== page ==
While Turkish, Lebanese and other Middle Eastern restaurants serve the same traditional standard menus, that never vary, of grills and mezze, Israeli chefs feel free to pick elements from all the cuisines of Mizrahi and Sephardi communities and to do their own personal take on tradition. Their cooking is pan-Mediterranean because it spans the entire Mediterranean basin all the way to Spain.
How did Israel, where visitors always complained about the food and only praised Arab restaurants, most of which were kiosks at the back of petrol stations, get to be a food destination? I first went to Israel in the 70s when my Book of Middle Eastern Food came out in Hebrew. The publishers said they didn’t expect it to sell because the food of Mizrahi Jews was not appreciated. I realized only recently that they had changed the Hebrew title to A Book of Mediterranean Food.
Nor was Ashkenazi food appreciated. The Diaspora and its foods was then something to be forgotten and left behind. Ashkenazi dishes smelt of persecution, Mizrahi and Sephardi foods were seen as low class poor food from backward cultures. Food itself was a matter of embarrassment, was not something to talk about.
When I told people I was researching the food they said things like. “Please don’t write anything bad’. They joked about chopped liver made from aubergines, apple sauce from courgettes, semolina pudding simulating whipped cream - the fake foods from the time of austerity and rationing that lived on. They described the unidentifiable compressed fish mixture called ‘fish fillet’ imported from Norway and the non-descript cheese called “white”.
A few years later at a gastronomic conference in Jerusalem, I was in the kitchen with cooks from Poland, Georgia, Bukhara, Morocco, Iraq, and other countries. We were preparing our cooking demonstrations and tastings of Jewish festive dishes from our communities.
The first discussion, in Hebrew, was whether there was such a thing as Jewish food? Eastern European food was considered “Jewish”, the food of all those who were not Ashkenazi was labelled ethnic, and the local foods such as falafel, hummus, babaghanoush, and shakshouka were considered street foods. The only food identified as purely Israeli - not shared with neighbouring countries - was turkey schnitzel. Food writers talked of creating a distinctive national cuisine using biblical ingredients such as honey, figs and pomegranates, indiginous ingredients like prickly pears, chickpeas and herbs that grew wild on the hills, and new Israeli products such as avocado, citrus and cream cheese that the government was promoting.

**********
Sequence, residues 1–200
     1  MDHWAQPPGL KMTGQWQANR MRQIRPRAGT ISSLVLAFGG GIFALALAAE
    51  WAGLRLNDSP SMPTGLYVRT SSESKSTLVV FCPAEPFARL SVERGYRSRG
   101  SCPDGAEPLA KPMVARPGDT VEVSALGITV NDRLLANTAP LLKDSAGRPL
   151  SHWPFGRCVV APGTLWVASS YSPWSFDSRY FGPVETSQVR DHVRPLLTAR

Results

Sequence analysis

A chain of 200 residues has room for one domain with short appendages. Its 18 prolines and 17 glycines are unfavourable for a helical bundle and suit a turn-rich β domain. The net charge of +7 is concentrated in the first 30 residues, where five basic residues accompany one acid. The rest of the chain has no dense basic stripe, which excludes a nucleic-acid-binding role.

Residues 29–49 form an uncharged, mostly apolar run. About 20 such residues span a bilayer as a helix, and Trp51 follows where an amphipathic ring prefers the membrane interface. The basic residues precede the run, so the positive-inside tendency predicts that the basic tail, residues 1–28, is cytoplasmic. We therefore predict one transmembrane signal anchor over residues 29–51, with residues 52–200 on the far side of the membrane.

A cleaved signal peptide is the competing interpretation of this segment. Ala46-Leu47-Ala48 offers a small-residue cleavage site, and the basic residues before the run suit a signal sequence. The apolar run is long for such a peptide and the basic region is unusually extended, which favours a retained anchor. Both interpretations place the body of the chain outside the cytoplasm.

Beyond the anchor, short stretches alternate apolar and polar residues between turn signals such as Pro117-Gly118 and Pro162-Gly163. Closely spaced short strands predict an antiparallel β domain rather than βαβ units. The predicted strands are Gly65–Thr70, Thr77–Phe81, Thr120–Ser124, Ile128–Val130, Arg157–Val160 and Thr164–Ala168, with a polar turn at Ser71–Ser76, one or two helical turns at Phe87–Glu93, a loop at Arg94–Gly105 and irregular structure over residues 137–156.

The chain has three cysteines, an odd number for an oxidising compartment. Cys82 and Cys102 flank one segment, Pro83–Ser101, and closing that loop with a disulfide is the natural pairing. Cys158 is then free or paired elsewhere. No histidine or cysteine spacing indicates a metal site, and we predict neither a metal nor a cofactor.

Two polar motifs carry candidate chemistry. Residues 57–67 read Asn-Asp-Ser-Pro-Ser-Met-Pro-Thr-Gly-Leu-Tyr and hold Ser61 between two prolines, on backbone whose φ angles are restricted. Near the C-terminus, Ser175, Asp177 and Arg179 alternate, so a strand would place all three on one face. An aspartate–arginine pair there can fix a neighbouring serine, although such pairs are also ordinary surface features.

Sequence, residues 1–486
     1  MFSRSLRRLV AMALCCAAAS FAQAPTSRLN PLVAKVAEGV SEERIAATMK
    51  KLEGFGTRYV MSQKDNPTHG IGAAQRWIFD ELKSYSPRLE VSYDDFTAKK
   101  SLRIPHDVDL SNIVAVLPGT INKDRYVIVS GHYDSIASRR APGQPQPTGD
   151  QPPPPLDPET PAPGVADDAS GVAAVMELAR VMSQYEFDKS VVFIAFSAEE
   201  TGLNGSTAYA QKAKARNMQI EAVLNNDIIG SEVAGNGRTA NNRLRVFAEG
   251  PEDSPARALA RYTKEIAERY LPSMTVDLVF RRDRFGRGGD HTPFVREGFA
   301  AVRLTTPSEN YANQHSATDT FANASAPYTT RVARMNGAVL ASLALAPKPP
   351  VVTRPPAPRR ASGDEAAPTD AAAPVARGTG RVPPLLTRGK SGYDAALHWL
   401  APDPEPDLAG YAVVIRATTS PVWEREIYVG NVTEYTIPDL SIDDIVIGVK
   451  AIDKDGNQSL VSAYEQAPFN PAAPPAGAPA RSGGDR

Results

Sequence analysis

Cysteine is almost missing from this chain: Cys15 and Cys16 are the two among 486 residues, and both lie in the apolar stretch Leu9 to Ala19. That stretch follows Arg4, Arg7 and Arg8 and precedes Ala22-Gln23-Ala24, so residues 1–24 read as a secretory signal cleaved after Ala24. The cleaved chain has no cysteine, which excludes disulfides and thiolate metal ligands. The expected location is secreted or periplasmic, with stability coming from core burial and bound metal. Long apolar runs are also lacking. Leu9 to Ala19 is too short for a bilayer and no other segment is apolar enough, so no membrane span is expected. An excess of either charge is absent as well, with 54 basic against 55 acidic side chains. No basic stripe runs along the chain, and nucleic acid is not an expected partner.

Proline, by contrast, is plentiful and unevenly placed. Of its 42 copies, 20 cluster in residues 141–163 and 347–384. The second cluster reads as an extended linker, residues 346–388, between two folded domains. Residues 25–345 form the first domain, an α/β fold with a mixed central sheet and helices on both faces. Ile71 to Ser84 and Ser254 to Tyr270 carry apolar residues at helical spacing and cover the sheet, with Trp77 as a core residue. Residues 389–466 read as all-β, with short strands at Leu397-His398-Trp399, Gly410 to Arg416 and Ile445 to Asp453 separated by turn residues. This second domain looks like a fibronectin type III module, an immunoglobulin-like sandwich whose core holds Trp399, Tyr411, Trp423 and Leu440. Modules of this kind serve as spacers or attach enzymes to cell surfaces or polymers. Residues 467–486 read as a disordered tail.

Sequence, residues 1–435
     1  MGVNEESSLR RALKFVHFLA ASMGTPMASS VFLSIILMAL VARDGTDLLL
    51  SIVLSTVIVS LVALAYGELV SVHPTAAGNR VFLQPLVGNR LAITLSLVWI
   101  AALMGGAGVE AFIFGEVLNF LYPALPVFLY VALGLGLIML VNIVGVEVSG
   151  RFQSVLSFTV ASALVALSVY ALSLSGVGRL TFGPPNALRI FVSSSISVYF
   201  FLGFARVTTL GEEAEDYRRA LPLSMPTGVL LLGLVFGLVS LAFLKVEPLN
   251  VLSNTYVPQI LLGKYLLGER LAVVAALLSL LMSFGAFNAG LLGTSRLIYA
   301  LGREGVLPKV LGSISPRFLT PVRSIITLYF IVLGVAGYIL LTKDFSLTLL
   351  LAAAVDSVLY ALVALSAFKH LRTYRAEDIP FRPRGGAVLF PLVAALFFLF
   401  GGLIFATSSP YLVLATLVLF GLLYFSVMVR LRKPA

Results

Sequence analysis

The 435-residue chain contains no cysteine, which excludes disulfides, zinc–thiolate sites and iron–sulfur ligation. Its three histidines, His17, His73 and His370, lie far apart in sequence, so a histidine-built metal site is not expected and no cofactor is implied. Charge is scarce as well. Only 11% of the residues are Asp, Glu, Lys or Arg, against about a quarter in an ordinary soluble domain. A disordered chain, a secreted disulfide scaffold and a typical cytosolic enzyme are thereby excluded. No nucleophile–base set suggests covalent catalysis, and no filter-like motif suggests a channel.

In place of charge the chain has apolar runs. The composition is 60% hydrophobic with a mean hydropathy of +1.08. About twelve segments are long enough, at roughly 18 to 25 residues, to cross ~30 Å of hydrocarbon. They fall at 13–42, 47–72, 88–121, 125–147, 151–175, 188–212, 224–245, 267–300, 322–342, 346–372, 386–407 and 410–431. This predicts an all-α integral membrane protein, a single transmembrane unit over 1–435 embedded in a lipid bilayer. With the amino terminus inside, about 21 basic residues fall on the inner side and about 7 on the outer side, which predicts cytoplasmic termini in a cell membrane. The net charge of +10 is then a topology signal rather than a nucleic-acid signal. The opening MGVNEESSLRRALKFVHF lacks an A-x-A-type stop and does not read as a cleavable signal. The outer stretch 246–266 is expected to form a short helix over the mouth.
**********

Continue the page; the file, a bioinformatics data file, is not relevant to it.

The kitchens of the land, from the army, schools and hospitals to restaurants and hotels, recruited their staff from the working class population of Mizrahi Jews from countries like Morocco, Tunisia, Turkey, Iraq, Kurdistan and Yemen, as well as Israeli Arabs. All young men who went into cooking, went in through the army, and trained in the army catering school, Tadmor. A catering contractor who had taught at Tadmor told me: “The cooks rejected their mothers’ cooking because they saw it as part of a humiliating backward culture. But after learning the basics, they fell back on what they vaguely remembered from home. They were given ingredients that the nutritionists decided soldiers should eat and together they concocted a mishmash.”
Top restaurants served French cuisine and there were also Chinese and Italian restaurants. The big hotels that catered for tourists, where the executive chefs came from Switzerland, Austria and Germany, offered chicken soup with kneidlach, gefilte fish, pickled herring, chopped liver, tzimmes and lockshen pudding. Since the 1960s a few restaurants opened that did what Syrian, Bukharan or Iraqi Jews cooked at home, but they quickly closed because of lack of custom.
Moshe Basson, chef owner of the famous Eucalyptus restaurant in Jerusalem was one of the first to open a Mizrahi restaurant. He had Arabs from a nearby village to bring their own home cooking, and the village bakery to send local specialities. When I was there he had a young Syrian woman making fried kibbeh. My friend Ella told him I was a food writer and he brought out my book and showed me the recipes he was using, including the pudding we were eating - balouza made with corn flour and water, to which he had added his own rose petal jam.
His story is like that of many first generation chefs. His family came from Iraq and his early years were spent in a refugee transit camp in Talpiot until his father was able to buy a small house with a piece of land near the camp close to the Arab neighbourhood of Baka. When the family moved, they left their first home, an enlarged shack, to Basson and his brother who turned it into a restaurant.
When Basson served at the Suez canal, most of the cooks were Sephardi or Mizrahi from Arab lands. There was a kitchen book with recipes written in Hebrew which the head cook could not read so he telephoned his Moroccan mother and asked her for recipes. The lowest grades in the army were cooks. Whilst being in the army was greatly admired, Basson said the stigma of being a cook in the army continued outside. Being a chef was the lowest thing to be.
Ronit Vered, who has a prestigious food column in Haaretz, says that things began to change in the 1980s. A mini revolution took off in the upmarket Israeli kitchen when the economy and the security situation made it possible to enjoy eating out. At that time intensive attempts were being made by the government to restore the lost pride of ethnic communities by reviving and disseminating their cultural heritage. Womens’ magazines and radio presenters asked people to send in family recipes.
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